PGIM will use active management to beat the S&P 500
PGIM is teaming up with quant firm QMA Associates to list a new actively managed multifactor large cap ETF that boldly aims to beat the S&P 500 over the long term.
The PGIM QMA Strategic Alpha Large-Cap Core ETF (PQLC) will invest in US large caps chosen by QMA’s proprietary multi-factor model. Stocks are selected based on “various signals, such as value, quality and volatility, to differentiate between attractive and unattractive stocks, subject to risk constraints,” the prospectus says. With QMA's data in hand, the investment management team then applies their own judgment to pick the final portfolio of stocks.
Analysis – brave
This fund aims to beat the S&P 500. It’s a brave and candid thing to say, most active managers wouldn't stick their neck out like that. From what we can tell, today’s listing seems quite like the mutual fund of the same name already offered by PGIM. According to the website, PGIM’s mutual fund has underperformed the S&P by a bit over the past 10 years. Let's see if the ETF can do a bit better.
State Street rolls out three more thematic ETFs
State Street is listing three more thematic ETFs in partnership with boutique index provider Kensho Technologies.
- SPDR Kensho Clean Power ETF (XKCP)
- SPDR Kensho Final Frontiers ETF (XKFF)
- SPDR Kensho New Economies Composite ETF (KOMP)
The Clean Power ETF tracks an index that uses word searches to scan the financial statements of all US-listed stocks in an attempt to identify those in the renewable energy business. The index committee then sorts companies as either ‘core’ or ‘non-core’ depending on how involved they are in renewable energy. As is fairly typical for thematic ETFs, the fund then runs a tiered index weighting system. The companies chosen are, at first, equally weighted. But then 20% of the non-core companies weight is given to the core companies. This gives greater weight to companies more involved in renewable energy.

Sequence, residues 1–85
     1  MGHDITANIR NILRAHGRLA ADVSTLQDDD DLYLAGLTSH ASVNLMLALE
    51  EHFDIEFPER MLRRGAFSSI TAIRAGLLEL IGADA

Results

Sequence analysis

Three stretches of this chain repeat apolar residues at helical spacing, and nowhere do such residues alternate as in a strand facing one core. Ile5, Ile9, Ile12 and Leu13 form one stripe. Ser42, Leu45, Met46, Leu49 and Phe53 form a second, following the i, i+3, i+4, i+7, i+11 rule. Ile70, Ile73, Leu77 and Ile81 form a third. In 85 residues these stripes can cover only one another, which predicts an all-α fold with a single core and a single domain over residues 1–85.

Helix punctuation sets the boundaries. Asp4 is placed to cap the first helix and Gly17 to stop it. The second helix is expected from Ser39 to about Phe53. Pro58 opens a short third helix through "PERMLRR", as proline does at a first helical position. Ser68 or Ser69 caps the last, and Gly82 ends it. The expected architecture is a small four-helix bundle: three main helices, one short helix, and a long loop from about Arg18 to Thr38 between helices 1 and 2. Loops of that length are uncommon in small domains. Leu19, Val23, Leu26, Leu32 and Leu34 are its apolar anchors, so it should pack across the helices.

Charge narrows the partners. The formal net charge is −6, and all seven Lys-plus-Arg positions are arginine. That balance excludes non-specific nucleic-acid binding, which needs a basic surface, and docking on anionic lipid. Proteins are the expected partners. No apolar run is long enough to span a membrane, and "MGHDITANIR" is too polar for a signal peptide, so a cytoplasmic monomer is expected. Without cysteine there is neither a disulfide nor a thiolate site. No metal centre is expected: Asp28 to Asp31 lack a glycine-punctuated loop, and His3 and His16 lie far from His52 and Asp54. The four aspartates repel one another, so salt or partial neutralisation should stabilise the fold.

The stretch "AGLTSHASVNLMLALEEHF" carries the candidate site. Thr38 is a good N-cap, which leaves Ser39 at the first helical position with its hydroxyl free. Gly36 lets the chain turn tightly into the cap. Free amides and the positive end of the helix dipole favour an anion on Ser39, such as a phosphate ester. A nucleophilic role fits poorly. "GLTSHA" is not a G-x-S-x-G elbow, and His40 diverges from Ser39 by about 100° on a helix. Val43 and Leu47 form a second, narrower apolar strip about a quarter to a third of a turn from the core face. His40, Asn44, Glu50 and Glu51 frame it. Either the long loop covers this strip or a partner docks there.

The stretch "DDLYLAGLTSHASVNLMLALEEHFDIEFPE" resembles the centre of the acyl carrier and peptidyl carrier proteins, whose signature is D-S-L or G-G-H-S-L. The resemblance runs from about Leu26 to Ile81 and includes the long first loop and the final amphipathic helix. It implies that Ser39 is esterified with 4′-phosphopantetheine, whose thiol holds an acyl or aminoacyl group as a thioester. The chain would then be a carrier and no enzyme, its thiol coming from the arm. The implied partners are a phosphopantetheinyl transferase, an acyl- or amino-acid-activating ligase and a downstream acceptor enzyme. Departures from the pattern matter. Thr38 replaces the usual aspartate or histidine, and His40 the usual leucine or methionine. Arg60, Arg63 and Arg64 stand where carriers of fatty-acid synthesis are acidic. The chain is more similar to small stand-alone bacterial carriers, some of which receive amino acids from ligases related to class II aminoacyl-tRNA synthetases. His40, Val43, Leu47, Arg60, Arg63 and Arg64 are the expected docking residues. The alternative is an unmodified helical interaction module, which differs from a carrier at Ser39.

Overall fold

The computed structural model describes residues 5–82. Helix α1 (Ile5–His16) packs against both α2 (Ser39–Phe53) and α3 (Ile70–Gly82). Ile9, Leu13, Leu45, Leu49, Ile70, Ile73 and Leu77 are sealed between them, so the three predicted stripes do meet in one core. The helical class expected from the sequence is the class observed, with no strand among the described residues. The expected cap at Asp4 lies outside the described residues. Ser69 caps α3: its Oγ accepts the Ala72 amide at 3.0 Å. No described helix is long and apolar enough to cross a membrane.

The Final Frontier ETF (sounds cool doesn’t it?) will invest in companies exploring deep sea and outer space – as well as those involved in other parts of the supply chain. It uses the same selection method and weighting method as the clean power ETF.
The New Economy ETF does much the same, only for companies that are “transforming the global economy through the use of existing and emerging technologies, and rapid developments in robotics, automation, artificial intelligence, connectedness and processing power.”
Distillate distills value and stability
ETF newcomer, the Chicago based Distillate Capital is teaming up with white labeller ETF Series Solutions to list a new US large cap value ETF. The Distillate US Fundamental Stability & Value ETF (DSTL) will track an index of US large cap value companies distilled by Distillate. DSTL begins with the 500 of the largest US companies, which are then screened for value based on three things:
- Financial Indebtedness. Companies with a lot of debt are excluded.
- Fundamental Stability. Companies are scored based on a proprietary measure of the volatility of their historical and projected cash flows. Those scoring in the bottom 50% are removed.
- Valuation. Companies are scored based on a proprietary measure of free cash flow yield.
The top 100 companies (the most undervalued) that also meet the index provider’s liquidity criteria are included.
Analysis – pretty much what we’d do
Value has been so dead for so long that some are now thinking it will never come back. Many are wondering what’s gone wrong with the value factor – has it been killed by software? By IP laws? Or was it changing accounting standards that did it?
In so far as value still has a fighting chance, we think free cash flow yield buttressed by balance sheet probes like low debt is the way to go. (The academic literature finds free cash flow a better valuation measure than book-to-price). It's hard to fault the guys at Distillate for how they've crafted this investment strategy. As to how the fund performs, we'll have to wait and see.